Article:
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Marchmont Schwartz
File:Marchmont Schwartz.jpg
Sport(s)Football
Biographical details
Born(1909-03-20)March 20, 1909
New Orleans, Louisiana
DiedApril 18, 1991(1991-04-18) (aged 82)
Danville, California
Playing career
1929–1931Notre Dame
Position(s)Halfback
Coaching career (HC unless noted)
1932–1933
1934
1935–1939
1940–1941
1942–1950
Notre Dame (assistant)
Chicago (assistant)
Creighton
Stanford (backfield)
Stanford
Head coaching record
Overall47–50–6
Bowls1–0
Statistics
College Football Data Warehouse
Accomplishments and honors
Championships
1 MVC (1936)
Awards
All-American, 1930
All-American, 1931
College Football Hall of Fame
Inducted in 1974 (profile)

Marchmont H. "Marchy" Schwartz (March 20, 1909 – April 18, 1991) was an American football player and coach. He played college football at the University of Notre Dame from 1929 to 1931, and was a two-time All-American at halfback. Schwartz served as the head football coach at Creighton University from 1935 to 1939 and at Stanford University from 1942 to 1950, compiling a career college football coaching record of 47–50–6; Stanford, like may other universities, suspended football during World War II. He was inducted into the College Football Hall of Fame as a player in 1974.

Early life and playing careerEdit

Schwartz was of Jewish heritage,[1] and was a graduate of Saint Stanislaus College prep school in Bay St. Louis, Mississippi. From 1929 to 1930, he led Notre Dame, coached by Knute Rockne, to a 19–0 record and consecutive national championships. In a game against Carnegie Tech in 1931, he rushed for 188 yards, including touchdown runs of 58 and 60 yards.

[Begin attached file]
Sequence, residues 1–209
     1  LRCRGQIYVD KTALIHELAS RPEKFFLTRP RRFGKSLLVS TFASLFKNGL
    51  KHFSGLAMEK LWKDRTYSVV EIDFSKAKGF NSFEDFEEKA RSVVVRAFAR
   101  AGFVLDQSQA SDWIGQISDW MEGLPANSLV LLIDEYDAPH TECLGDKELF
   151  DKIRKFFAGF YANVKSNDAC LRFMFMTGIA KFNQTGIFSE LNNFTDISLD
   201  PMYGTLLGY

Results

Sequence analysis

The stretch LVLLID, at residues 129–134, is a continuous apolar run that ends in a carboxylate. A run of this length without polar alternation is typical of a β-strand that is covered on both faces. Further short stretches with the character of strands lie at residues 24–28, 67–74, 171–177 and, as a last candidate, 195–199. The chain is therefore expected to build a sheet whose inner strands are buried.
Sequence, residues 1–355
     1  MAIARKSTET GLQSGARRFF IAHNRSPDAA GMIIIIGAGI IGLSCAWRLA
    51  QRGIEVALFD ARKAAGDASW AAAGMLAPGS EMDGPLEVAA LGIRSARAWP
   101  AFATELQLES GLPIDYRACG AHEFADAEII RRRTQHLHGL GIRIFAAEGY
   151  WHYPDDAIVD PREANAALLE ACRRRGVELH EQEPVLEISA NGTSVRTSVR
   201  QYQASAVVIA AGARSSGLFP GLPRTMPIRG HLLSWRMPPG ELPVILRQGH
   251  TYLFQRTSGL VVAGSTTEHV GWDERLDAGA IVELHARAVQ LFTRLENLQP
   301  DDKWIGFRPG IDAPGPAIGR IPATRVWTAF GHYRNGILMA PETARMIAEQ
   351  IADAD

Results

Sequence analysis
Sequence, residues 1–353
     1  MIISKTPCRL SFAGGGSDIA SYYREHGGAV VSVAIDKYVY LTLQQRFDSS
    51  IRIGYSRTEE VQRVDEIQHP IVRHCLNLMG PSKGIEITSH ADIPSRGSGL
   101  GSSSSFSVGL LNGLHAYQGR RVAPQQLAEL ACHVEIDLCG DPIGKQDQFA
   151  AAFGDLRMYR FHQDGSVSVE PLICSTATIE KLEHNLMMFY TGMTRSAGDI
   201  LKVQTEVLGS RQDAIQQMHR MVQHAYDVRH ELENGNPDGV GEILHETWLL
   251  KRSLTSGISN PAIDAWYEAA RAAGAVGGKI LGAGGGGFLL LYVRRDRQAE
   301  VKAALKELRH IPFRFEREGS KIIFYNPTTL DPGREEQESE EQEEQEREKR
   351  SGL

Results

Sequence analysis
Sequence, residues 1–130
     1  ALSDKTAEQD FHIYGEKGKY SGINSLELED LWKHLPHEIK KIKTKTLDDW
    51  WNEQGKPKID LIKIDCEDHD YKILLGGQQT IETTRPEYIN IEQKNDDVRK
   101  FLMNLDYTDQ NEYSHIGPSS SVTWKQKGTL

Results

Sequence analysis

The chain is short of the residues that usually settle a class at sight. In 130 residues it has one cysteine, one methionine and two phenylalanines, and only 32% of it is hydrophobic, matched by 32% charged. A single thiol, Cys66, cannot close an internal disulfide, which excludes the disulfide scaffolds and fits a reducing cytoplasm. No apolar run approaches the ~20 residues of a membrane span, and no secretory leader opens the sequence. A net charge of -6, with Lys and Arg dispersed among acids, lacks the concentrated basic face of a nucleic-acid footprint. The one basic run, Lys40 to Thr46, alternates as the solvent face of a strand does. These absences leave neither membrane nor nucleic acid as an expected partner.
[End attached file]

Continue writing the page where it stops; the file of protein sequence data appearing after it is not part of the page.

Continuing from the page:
Coaching careerEdit

Schwartz served as an assistant football coach at Notre Dame from 1932 to 1933 under Heartley Anderson, and at the University of Chicago in 1934 under Clark Shaughnessy.[2] In 1940, Shaughnessy hired Schwartz as Stanford's backfield coach. He helped coach the 1940 "Wow Boys" that recorded a perfect season and won the 1941 Rose Bowl.[3]

DeathEdit

Schwartz died on April 18, 1991 in Danville, California, aged 82.[4]

Head coaching recordEdit

Year Team Overall Conference Standing Bowl/playoffs AP#
Creighton Bluejays (Missouri Valley Conference) (1935–1939)
1935 Creighton 3–5–1 2–2–1 3rd
1936 Creighton 4–4 3–0 T–1st
1937 Creighton 2–7 0–3 7th
1938 Creighton 6–1–1 1–0–1 3rd
1939 Creighton 4–5 2–4 6th
Creighton: 19–22–2 8–11–2
Stanford Indians (Pacific Coast Conference) (1942–1950)
1942 Stanford 6–4 5–2 3rd 12
1943 No team—World War II
1943 No team—World War II
1944 No team—World War II
1945 Stanford 6–3–1 3–3–1 5th
1947 Stanford 0–9 0–7 10th
1948 Stanford 4–6 3–4 5th
1949 Stanford 7–3–1 4–2 T–3rd W Pineapple
1950 Stanford 5–3–2 2–2–2 T–4th
Stanford: 28–28–4
Total: 47–50–6
#Rankings from final AP Poll.

ReferencesEdit

  1. [1]
  2. Marchmont Schwartz is Shaughnessy's Aid, Associated Press, January 18, 1934.
  3. NEA Staff, Stanford Alumni Change Tune, The Register-Guard, p. 16, December 22, 1940.
  4. AP (April 20, 1991). "Marchmont Schwartz Football Coach, 82". The New York Times. http://www.nytimes.com/1991/04/20/obituaries/marchmont-schwartz-football-coach-82.html. Retrieved April 3, 2011.

External linksEdit

Template:Creighton Bluejays football coach navbox


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